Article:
“This could’ve been an email” pic.twitter.com/kn68z6eDhY
— Ashley K. (@AshleyKSmalls) January 20, 2021
For the majority of us who believed in Bernie Sanders, 2020 was more difficult to watch than even 2016.
Where Sanders was once a galvanizing force for the progressive left, he went on to receive criticism from all sides this time around. He was a socialist to some. (Not a democratic socialist, just a socialist.) He was misogynistic to others. He was too old. He was too grumpy.
I, like many others, watched him get eviscerated by the press and blown out of the primaries in such a creative way, that I kind of felt like the centrist candidate was my only “choice,” and I better just vote for him. I did my civic duty, but I did not forget how I felt about it.
Centrists did, though. Once they got their candidate pushed through and sworn in, they were quite open to showing Sanders the love. You’d seriously have to be living under a rock to have missed the meme of Bernie and his mittens at the Inauguration. It was, in fact, quite a bit more popular than anything the new president did that day. So popular, that it dominated the interwebs for weeks.
Bernie, not being one to see an opportunity to help others go to waste, used this viral meme on merchandise and raised close to two million dollars for the Meals on Wheels program in his home state of Vermont.
The benign image of a curmudgeonly old Senator dressed for comfort on a January afternoon could not have possibly drawn the ire of any group, could it? Of course it could. According to public high school teacher Ingrid Seyer-Ochi, who wrote an op-ed for The San Francisco Chronicle this past Sunday, Sanders was flaunting his white privilege, his male privilege, his class privilege, and, most likely, four or five other privileges that we don’t have the space to mention at this time.
In the teacher’s words, Sanders was not this serious public servant who cared way more about public service than wearing the right designer suit to such an auspicious red carpet event, he was “a wealthy, incredibly well-educated and privileged white man, showing up for perhaps the most important ritual of the decade, in a puffy jacket and huge mittens.”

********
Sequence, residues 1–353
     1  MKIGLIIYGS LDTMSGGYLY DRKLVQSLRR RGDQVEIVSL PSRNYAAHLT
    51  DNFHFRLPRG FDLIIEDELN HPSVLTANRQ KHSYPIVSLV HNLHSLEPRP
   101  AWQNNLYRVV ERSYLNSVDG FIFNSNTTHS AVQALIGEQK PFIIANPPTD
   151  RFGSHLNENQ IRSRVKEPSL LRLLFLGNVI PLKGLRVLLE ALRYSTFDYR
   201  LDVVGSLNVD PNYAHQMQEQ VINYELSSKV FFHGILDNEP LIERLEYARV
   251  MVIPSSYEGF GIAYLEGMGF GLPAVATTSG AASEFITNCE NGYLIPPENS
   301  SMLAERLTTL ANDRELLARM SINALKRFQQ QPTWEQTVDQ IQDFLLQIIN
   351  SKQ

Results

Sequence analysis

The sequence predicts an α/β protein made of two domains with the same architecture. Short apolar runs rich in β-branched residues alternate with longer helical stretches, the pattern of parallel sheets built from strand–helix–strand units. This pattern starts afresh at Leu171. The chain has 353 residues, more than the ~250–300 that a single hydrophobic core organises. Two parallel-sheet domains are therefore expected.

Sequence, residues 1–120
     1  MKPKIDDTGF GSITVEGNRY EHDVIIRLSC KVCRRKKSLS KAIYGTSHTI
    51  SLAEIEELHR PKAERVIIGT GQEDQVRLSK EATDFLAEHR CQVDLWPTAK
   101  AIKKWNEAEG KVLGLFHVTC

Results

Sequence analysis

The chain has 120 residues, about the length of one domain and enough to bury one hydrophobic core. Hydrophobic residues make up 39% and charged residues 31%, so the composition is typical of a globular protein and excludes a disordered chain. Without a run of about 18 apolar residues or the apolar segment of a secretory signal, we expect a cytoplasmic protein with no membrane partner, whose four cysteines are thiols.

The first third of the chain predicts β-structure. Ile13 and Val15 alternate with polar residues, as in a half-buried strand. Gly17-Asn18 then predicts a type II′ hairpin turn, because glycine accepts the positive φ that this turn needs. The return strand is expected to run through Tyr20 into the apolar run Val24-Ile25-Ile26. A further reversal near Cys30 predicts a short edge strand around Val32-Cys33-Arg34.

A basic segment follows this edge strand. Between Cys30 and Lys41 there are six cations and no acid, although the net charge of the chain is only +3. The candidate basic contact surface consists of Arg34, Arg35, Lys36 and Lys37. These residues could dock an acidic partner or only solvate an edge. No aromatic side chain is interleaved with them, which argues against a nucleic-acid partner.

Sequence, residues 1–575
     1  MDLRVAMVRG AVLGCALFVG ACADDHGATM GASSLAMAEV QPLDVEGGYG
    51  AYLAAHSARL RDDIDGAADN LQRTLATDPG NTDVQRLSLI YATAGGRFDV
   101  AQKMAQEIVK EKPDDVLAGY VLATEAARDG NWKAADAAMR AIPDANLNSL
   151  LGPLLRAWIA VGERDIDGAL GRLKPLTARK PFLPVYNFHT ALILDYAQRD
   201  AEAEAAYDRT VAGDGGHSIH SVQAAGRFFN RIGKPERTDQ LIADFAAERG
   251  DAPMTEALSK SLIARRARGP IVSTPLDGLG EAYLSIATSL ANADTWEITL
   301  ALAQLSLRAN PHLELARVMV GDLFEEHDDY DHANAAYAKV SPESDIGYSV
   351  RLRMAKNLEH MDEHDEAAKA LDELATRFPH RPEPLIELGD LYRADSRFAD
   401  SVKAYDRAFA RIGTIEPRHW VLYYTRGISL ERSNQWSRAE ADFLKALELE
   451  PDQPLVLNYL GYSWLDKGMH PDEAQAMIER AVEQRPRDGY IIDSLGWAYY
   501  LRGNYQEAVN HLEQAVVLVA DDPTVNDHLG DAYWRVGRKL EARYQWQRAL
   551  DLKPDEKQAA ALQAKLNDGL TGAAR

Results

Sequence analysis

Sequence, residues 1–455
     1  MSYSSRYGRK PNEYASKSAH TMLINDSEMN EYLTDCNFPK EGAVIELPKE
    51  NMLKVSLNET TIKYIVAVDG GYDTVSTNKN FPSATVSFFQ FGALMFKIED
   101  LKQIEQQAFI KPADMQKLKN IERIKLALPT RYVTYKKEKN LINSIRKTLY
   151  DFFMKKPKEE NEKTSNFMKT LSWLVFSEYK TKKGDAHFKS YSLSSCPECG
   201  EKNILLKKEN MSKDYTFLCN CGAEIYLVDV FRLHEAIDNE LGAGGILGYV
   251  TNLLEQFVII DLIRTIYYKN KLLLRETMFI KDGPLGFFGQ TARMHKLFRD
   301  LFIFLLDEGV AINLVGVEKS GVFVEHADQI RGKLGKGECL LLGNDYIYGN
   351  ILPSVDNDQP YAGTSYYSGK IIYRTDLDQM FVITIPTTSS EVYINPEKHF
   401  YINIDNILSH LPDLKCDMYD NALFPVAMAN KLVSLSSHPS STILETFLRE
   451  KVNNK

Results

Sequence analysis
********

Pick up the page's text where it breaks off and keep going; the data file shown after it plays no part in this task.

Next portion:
Seyer-Ochi went on to explain that she did not “know many poor, or working class, or female, or struggling-to-be-taken-seriously folk who would show up at the inauguration of our 46th president dressed like Bernie.”
Now let’s all return to earth for a minute. We are talking about a lifelong public servant who in 1963 attended the March on Washington for Jobs and Freedom, won the election as Mayor of Burlington in 1981, won a seat in the House of Representatives by 1990, and finally won a seat on the Senate in 2006—all the while with one goal, one message, one driving force—to help the poor and working classes of this country. You can go back on Google and look up any interview he has done over the last 50 years and see that this mission has never changed.
Here is a man who was pushing a progressive agenda when a progressive agenda went beyond simply tweeting out snarky one-liners on Twitter. This was back in the day where you actually had to show up and burn some shoe leather to make a difference. There was real work involved.
This, in a nutshell, is where the woke generation is starting to lose me.
I can’t help but feel like the ultra-progressive faction is trying to play a strange game of “Where’s Waldo?” only instead of looking for the cartoon character, they are looking for something to be offended by. Now this may, at first glance, just seem humorous and annoying, but goes a little beyond that for me.
This frivolous treatise by Seyer-Ochi went viral, not because it was such an important piece of journalism, but because it took the ridiculous nature of cancel culture to the heights of absurdity. It cries wolf and removes valuable attention from real social change to put on sensationalistic nonsense. It sells us out for cheap clicks.
So the obvious frivolity of this article is maddening, but it’s the damaging nature to the cause of social justice that makes me see red. Anyone who has been on the planet long enough understands the inherent wisdom behind the idea of choosing one’s battles carefully. A squeaky wheel will only get so much grease. If the wheel is ceaselessly and incessantly squeaky, it’ll just be replaced.
When a group of people are offended by everything, when everything is a problem, the population will stop listening. I’m fairly certain that this will be the outcome. So, is this article laughable? Sure it is. Is it dangerous?
Read 48 comments and reply